Actions to increase awareness of LA 21 included visiting communities and holding workshops, meetings and discussions with community members. Council members and ICLEI staff participated in the workshops.

Community-Based Issue Analysis
In this phase Jinja set out to consult with residents and organizations about their highest-priority problems and to inform the public about the LA 21 planning process.

The community consultation process was designed at a meeting of the Project Team with the advice of the ICLEI field manager. To reach the different interest groups within Jinja (NGOs, youth groups, business sector, line departments, etc.), and to optimize the use of the team's limited resources, a representative sampling method was used. The Project Team organized into more effective smaller groups, each covering a different sector. People were asked to rank the issues raised in the questionnaires. For capacity building, a pre-consultation workshop was an important tool.

Issue identification began in November 1995 and concluded in July 1996. A priority-setting working group comprised of Project Team members statistically analyzed the data.

Final priority setting was conducted at a Town Hall meeting on July 23, 1996. Members of the stakeholder group and the Project Team, and three representatives from each target group and division consulted were invited. Waste and sanitation and the natural environment were singled out as the highest priority issues, which were later split into three issues: solid-waste management, sewage and sanitation and natural resources. The Project Team identified and briefed community leaders and target groups, and assigned them the duty of mobilizing community members for information sharing. Participants at Town Hall meetings informed the groups they represented. A document was produced from this phase entitled Report of the Community Consultation, Issue Identification, Priority Setting and Information to the Residents of Jinja.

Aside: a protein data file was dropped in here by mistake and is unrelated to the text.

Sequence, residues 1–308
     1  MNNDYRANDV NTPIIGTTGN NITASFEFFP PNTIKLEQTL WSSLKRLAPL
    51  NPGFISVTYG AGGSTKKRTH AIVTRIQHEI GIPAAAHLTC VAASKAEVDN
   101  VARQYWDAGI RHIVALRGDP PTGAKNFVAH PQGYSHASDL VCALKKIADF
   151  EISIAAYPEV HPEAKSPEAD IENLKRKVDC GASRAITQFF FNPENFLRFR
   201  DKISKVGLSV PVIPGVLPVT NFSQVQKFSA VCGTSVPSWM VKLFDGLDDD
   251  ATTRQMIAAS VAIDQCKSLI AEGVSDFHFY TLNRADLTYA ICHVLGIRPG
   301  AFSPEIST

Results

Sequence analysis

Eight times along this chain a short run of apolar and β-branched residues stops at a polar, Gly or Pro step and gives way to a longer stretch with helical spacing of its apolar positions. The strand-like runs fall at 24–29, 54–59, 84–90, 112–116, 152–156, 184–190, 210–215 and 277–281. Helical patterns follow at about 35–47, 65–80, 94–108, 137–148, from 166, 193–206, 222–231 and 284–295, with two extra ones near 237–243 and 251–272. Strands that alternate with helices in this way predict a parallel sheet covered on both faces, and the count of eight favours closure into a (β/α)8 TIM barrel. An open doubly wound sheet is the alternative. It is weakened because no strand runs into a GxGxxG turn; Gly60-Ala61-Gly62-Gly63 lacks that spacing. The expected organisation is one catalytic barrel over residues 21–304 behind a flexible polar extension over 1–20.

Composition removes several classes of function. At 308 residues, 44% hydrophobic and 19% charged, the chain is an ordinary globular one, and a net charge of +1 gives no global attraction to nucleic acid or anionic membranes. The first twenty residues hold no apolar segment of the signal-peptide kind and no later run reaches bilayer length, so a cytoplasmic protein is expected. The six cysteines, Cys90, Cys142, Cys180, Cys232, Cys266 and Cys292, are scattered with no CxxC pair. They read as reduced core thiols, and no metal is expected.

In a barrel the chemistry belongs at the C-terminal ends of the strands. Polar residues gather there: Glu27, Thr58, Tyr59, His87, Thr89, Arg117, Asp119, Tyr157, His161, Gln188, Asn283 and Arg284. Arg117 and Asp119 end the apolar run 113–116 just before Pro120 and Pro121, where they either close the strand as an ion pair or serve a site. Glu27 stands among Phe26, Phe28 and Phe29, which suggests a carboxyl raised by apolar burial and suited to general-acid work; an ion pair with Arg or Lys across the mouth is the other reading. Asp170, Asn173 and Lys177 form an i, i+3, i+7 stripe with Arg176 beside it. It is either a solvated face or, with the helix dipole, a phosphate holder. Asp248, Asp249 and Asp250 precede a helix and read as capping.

Issue Assessment
Issue assessment and analysis focused on natural resources, solid-waste management and sewage and sanitation. Seventy-three assessors, selected from organizations identified as having a stake in the priority issues, collected data.

Groups of four to eight assessors conducted surveys on the identified issues, interviewed people and gathered data from various organizations. The MCP coordinator was responsible for overall management and the consultant provided professional guidance. The researcher participated alongside various teams to document the process.

Community-based knowledge played an important part in information gathering. The assessment teams spent considerable time discussing problems with community members, and soliciting their views and suggestions on options for addressing the problems. Representatives at the meeting informed the wider community of the issue-assessment results.

The issue assessment focused on the social and economic dimensions of environmental issues. Despite the difficulty in collecting data, a large volume of information was amassed and analyzed. Based on these findings, recommendations were made. A map of problems, possible solutions and recommendations was produced to be used in the action-planning process to follow.

Action Planning